Posted on 21 June 2012.
Hunters will have a little more territory to hunt for antlerless deer this fall as the Natural Resources Commission (NRC) opened a few more deer management units (DMUs) in the Upper Peninsula and Northern Lower Peninsula at its regular monthly meeting Thursday in Lansing.
Newly opened DMUs reflect increased deer populations in those areas, explained Department of Natural Resources (DNR) deer and elk program leader Brent Rudolph. The DNR will seek low quotas for the newly opened DMUs, Rudolph said.
A total of 72 DMUs will be open to antlerless deer hunting on public land, and 86 DMUs, plus the two multi-county DMUs in the Lower Peninsula (DMUs 486 and 487), will be open on private land. A complete list of open DMUs and their quotas will be published shortly in the 2012 Antlerless Deer Hunting Digest.
Antlerless deer license applications go on sale July 15 at all license agents and online at www.michigan.gov/huntdrawings.
In addition, the NRC voted to restrict hunters in DMUs 486 and 487 to a maximum of 10 private land antlerless licenses this season, a decrease from five per day in 2011.
Special statewide hunts for youth and 100 percent disabled veterans will be held Sept. 22-23. The early antlerless season on private land in portions of the Lower Peninsula is being reduced from five days to two, also Sept. 22-23.
“There have been increasing concerns from some members of the hunting public that the recent expansion of September hunting is causing deer to be more wary during the traditional seasons,” Rudolph said. “By reducing and consolidating the September seasons, we’re addressing those concerns while maintaining opportunities for youth and disabled hunters throughout the state and for early harvest of antlerless deer on private land where it is most needed.”
In addition, the NRC changed conditions on special crop-damage permits in accordance with recent legislation. Public Act 65 of 2012 allows up to 15 authorized shooters on Deer Damage Shooting Permits. In the past, special authorization was required to allow more than three shooters to be designated per permit.
In other action, the NRC reaffirmed that naturally shed deer and elk antlers may be legally collected, possessed and sold.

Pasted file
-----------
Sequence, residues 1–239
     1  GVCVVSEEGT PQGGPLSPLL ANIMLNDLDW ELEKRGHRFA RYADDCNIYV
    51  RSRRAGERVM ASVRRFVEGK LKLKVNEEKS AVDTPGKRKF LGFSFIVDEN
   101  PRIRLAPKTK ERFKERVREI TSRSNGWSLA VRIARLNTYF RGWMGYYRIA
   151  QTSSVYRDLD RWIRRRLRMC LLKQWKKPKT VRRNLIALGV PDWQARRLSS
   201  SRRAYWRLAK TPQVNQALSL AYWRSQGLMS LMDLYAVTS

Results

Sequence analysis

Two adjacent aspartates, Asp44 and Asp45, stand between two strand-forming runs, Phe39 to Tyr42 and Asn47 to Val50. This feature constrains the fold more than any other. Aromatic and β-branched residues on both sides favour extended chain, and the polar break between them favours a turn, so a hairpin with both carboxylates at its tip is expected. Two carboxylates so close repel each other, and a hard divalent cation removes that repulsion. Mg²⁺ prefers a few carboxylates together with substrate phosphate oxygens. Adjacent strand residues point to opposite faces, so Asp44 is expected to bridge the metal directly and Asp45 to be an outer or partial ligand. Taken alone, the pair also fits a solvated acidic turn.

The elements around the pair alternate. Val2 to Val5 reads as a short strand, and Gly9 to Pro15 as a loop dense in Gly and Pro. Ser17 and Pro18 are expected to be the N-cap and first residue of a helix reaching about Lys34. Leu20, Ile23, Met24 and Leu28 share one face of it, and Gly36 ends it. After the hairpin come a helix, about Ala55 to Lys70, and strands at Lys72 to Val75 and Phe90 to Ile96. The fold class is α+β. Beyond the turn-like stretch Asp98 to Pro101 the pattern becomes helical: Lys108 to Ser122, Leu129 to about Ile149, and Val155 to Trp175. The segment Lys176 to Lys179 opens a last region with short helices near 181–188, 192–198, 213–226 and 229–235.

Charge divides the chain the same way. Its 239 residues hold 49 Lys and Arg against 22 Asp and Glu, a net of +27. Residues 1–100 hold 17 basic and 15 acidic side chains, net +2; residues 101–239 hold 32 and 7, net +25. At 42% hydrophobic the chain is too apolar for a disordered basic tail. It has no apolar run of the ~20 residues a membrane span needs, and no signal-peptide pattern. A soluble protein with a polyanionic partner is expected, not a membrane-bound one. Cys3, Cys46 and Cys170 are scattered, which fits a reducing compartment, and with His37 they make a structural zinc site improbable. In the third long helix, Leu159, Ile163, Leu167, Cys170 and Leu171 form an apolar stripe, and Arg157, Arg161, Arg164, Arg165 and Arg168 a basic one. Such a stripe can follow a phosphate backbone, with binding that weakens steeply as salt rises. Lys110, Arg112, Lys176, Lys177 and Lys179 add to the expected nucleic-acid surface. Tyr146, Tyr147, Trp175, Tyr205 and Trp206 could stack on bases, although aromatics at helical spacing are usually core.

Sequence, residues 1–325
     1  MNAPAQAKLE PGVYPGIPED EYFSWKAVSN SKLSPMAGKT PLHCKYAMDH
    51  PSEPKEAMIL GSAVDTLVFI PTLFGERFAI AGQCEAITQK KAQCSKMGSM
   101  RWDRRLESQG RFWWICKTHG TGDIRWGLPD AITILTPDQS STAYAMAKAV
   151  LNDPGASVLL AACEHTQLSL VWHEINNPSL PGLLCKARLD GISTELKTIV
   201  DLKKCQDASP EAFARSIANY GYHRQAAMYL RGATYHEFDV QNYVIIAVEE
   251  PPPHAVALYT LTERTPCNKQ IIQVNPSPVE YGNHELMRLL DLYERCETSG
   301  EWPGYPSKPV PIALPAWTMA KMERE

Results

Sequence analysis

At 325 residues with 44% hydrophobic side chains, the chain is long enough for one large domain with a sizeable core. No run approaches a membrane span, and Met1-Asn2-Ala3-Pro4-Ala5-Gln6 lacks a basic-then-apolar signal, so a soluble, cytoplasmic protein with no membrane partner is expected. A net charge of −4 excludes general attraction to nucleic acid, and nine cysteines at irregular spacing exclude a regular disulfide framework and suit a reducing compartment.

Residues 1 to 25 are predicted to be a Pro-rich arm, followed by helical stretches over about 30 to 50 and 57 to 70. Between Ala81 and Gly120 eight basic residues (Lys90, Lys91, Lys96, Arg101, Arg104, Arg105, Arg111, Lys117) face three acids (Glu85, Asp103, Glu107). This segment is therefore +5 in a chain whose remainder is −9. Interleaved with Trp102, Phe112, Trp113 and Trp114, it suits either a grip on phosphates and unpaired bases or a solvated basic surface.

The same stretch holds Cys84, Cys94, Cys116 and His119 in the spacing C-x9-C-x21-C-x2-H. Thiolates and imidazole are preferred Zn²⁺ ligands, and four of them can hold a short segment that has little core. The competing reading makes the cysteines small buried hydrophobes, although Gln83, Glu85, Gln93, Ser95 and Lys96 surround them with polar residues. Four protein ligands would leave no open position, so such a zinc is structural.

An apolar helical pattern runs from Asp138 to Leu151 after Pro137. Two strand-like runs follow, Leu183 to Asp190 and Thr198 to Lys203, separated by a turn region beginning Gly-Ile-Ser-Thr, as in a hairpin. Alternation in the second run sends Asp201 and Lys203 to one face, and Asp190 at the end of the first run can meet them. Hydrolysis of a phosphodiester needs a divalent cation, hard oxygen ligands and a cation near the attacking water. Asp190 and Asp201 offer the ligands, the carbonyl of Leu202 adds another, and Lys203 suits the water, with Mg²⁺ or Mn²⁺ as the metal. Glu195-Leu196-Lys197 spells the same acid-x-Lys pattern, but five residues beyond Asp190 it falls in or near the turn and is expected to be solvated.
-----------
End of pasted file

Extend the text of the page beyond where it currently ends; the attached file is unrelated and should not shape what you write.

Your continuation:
Posted in Outdoors
Posted on 17 November 2011.
From the Michigan DNR
This is the time of year when fishing reports are harder to come by as most anglers turn their attention to deer hunting. Those heading out for the firearm season are reminded that late fall and early winter offer prime fishing on inland lakes for hungry walleye, pike and bass. It is also a good time to catch big perch, bluegill and crappie.
Southwest Lower Peninsula (as of November 10):
St. Joseph: Pier anglers are catching whitefish on a small hook with a single egg. Steelhead were caught in the harbor in the early morning or late afternoon.
St. Joseph River: Has prime steelhead fishing right now even though angler numbers were down.
Kalamazoo River: Had good numbers of steelhead all the way up to the Allegan Dam. Those fishing below the dam caught walleye.
Grand River at Grand Rapids: Salmon fishing is pretty much done but the steelhead action continues to grow with some large fish caught between Fulton Street and the dam. Try spawn under a bobber, small spoons or flies.
Grand River at Lansing: Steelhead were reported in Prairie Creek near Ionia and below the dam at Lyons. No reports for Lansing.
Muskegon River: Has lots of steelhead downstream from Newaygo. Some are fly fishing while others are floating fresh spawn. Walleye and pike were caught near Hardy Dam and smallmouth bass were caught upstream of the dam.